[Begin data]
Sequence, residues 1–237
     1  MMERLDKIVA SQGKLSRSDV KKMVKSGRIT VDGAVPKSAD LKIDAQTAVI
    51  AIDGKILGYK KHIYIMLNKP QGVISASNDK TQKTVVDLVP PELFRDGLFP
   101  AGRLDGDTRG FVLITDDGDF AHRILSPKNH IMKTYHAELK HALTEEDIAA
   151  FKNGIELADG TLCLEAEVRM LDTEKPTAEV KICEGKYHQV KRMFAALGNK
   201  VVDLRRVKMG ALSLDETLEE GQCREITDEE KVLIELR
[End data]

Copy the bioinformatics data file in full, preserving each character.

Sequence, residues 1–237
     1  MMERLDKIVA SQGKLSRSDV KKMVKSGRIT VDGAVPKSAD LKIDAQTAVI
    51  AIDGKILGYK KHIYIMLNKP QGVISASNDK TQKTVVDLVP PELFRDGLFP
   101  AGRLDGDTRG FVLITDDGDF AHRILSPKNH IMKTYHAELK HALTEEDIAA
   151  FKNGIELADG TLCLEAEVRM LDTEKPTAEV KICEGKYHQV KRMFAALGNK
   201  VVDLRRVKMG ALSLDETLEE GQCREITDEE KVLIELR